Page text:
IN RE PETITION OF THE WAYNE CO TREASURER FOR FORECLOSUREAnnotate this Case
STATE OF MICHIGAN
COURT OF APPEALS
In re Petition of the WAYNE COUNTY
TREASURER for Foreclosure.
PRAYER TEMPLE OF LOVE,
October 27, 2009
Wayne Circuit Court
LC No. 06-616795-PZ
WAYNE COUNTY TREASURER,
Advance Sheets Version
Before: DAVIS, P.J., and WHITBECK and SHAPIRO, JJ.
The Wayne County Treasurer appeals as of right a circuit court order denying the
Treasurer’s petition for tax foreclosure against property owned by Prayer Temple of Love and
setting aside a prior forfeiture against the same property. We reverse and remand.
The Prayer Temple owns a parcel of property on Woodward Avenue in the city of
Highland Park in Wayne County. The parcel has a single tax assessment identity, but it contains
three lots on which a church, an activity center, and an outreach center are located. The
Treasurer assessed taxes against the Prayer Temple’s property for the year 2004, and that
assessment apparently included delinquent water and sewerage charges. In 2006, the Treasurer
commenced the instant foreclosure action under the General Property Tax Act (GPTA), MCL
211.1 et seq. The Prayer Temple raised a number of objections to entry of a foreclosure
judgment, and it petitioned to set aside the past forfeiture. Among other arguments, the Prayer
Temple asserted that the property was used for religious purposes and was therefore exempt from
property taxes,1 and that it simply could not afford to pay the assessments. The circuit court
Pursuant to MCL 211.7s:
Houses of public worship, with the land on which they stand, the furniture
therein and all rights in the pews, and any parsonage owned by a religious society
of this state and occupied as a parsonage are exempt from taxation under [the
agreed that the property was exempt from the assessed taxes, other than the delinquent water and
sewerage levies. The circuit court also concluded that, because the Treasurer had not contested
the Prayer Temple’s inability to pay, the delinquent water and sewerage levies should be
included in the next year’s forfeiture and foreclosure proceeding if they remained unpaid.
The only issue we have been asked to address in this appeal is whether the circuit court
possessed subject-matter jurisdiction to decide whether the Prayer Temple’s property was
exempt. The Treasurer argues, as it did below, that the Michigan Tax Tribunal has exclusive
jurisdiction. We agree.
We review this issue de novo because it concerns the circuit court’s subject-matter
jurisdiction to determine exemption issues in a foreclosure action under the GPTA. In re
Petition by Wayne Co Treasurer for Foreclosure of Certain Lands for Unpaid Prop Taxes, 265
Mich App 285, 290; 698 NW2d 879 (2005). In general, “circuit courts are presumed to have
subject-matter jurisdiction unless jurisdiction is expressly prohibited or given to another court by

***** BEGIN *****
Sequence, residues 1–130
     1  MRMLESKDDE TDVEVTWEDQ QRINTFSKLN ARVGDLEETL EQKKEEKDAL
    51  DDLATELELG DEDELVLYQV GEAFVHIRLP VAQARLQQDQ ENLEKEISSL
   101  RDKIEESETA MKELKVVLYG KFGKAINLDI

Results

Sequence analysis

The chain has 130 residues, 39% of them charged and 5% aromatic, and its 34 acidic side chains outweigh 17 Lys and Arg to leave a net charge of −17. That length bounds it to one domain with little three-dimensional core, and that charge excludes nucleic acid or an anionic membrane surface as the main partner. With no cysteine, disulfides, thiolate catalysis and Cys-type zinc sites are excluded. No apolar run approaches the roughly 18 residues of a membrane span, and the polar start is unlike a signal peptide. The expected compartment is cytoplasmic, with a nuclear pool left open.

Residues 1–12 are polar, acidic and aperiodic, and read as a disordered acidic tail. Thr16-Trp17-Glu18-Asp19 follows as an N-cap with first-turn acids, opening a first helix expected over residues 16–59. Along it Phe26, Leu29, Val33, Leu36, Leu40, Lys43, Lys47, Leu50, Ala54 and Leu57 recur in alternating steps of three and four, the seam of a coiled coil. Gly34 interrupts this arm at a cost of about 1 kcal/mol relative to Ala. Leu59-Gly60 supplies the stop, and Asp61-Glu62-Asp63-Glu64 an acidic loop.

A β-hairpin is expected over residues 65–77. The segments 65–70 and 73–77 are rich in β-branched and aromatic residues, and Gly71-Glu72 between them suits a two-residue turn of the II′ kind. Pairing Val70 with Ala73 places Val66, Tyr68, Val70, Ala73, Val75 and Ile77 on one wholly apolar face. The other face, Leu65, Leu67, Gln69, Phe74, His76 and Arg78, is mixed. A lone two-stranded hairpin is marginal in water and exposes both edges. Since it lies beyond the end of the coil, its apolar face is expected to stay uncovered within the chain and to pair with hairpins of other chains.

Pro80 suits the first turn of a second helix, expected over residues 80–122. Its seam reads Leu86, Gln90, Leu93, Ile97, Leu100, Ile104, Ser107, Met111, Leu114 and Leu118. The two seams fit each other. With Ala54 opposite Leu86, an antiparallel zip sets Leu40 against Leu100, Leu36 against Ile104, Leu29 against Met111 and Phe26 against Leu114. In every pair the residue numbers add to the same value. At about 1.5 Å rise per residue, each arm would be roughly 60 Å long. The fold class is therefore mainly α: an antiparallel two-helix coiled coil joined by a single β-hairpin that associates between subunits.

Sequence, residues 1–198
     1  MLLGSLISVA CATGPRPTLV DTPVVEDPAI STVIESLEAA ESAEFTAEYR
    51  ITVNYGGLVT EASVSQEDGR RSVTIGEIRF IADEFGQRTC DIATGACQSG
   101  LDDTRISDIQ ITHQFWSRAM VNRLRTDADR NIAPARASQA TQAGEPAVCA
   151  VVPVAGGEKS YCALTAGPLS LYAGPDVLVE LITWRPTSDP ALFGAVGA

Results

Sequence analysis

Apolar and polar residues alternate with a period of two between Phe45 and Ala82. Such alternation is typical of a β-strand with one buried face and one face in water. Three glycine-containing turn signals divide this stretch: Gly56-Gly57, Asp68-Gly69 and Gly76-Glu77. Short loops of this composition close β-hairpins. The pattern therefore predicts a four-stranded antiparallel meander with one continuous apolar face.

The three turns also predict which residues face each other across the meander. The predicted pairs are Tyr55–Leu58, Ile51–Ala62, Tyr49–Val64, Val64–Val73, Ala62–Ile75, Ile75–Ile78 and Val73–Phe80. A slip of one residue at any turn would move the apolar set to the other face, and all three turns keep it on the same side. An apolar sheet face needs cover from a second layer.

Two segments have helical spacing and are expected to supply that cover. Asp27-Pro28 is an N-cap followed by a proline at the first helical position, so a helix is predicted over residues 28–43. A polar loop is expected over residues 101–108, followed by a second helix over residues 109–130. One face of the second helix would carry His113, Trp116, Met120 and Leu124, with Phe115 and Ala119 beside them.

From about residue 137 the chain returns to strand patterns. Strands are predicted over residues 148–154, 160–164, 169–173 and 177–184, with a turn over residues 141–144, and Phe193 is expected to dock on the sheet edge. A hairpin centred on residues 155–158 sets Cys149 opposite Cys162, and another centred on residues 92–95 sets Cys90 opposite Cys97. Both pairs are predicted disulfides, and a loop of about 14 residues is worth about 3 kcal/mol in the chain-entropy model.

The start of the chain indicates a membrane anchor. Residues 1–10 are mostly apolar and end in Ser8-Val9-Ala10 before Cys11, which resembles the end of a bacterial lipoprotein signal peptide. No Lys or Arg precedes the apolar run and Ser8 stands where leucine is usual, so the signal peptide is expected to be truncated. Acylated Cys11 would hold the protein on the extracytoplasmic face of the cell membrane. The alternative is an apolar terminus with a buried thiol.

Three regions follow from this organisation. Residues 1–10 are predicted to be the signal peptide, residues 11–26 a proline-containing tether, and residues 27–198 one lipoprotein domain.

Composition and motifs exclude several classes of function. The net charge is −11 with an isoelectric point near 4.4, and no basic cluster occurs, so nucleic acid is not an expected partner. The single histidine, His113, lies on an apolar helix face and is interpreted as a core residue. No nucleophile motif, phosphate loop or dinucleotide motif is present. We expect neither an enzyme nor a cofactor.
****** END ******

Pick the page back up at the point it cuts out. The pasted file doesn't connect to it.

constitution or statute.” Id. at 291. The Tax Tribunal Act, MCL 205.701 et seq., grants the Tax
Tribunal exclusive jurisdiction to decide various property tax matters based on “either the subject
matter of the proceeding (e.g., a direct review of a final decision of an agency relating to special
assessments under property tax laws) or the type of relief requested (i.e., a refund or
redetermination of a tax under the property tax laws).” Wikman v City of Novi, 413 Mich 617,
631; 322 NW2d 103 (1982). The Tax Tribunal has jurisdiction under MCL 205.731(a) to
determine whether a taxpayer is entitled to a property tax exemption because the determination
relates to an assessment. See American Golf of Detroit v Huntington Woods, 225 Mich App 226,
229; 570 NW2d 469 (1997); Nicholson v Birmingham Bd of Review, 191 Mich App 237, 240241; 477 NW2d 492 (1991).
The Tax Tribunal has exclusive and original jurisdiction over proceedings for review of
agency actions relating to property tax assessments. MCL 205.731(a). However, the circuit
court is the proper forum for a foreclosure action.2 MCL 211.78h. And in any such foreclosure
action, a person claiming an interest in a tax parcel “set forth in the petition for foreclosure” is
expressly permitted to “contest the validity or correctness of the forfeited unpaid delinquent
taxes” on the ground that the “property was exempt from the tax in question, or the tax was not
legally levied.” MCL 211.78k(2)(c). The provisions of the Tax Tribunal Act “are effective
notwithstanding the provisions of any statute, charter, or law to the contrary.” MCL 205.707.
Nevertheless, statutes sharing a common purpose must be read in pari materia and we must give
every word or phrase in them some meaning while avoiding conflict, if at all possible. See
People v Webb, 458 Mich 265, 274; 580 NW2d 884 (1998). The circuit court is not, therefore,
entirely without jurisdiction to entertain arguments against forfeiture that are based on of a
claimed tax exemption.
General Property Tax Act]. Houses of public worship includes buildings or other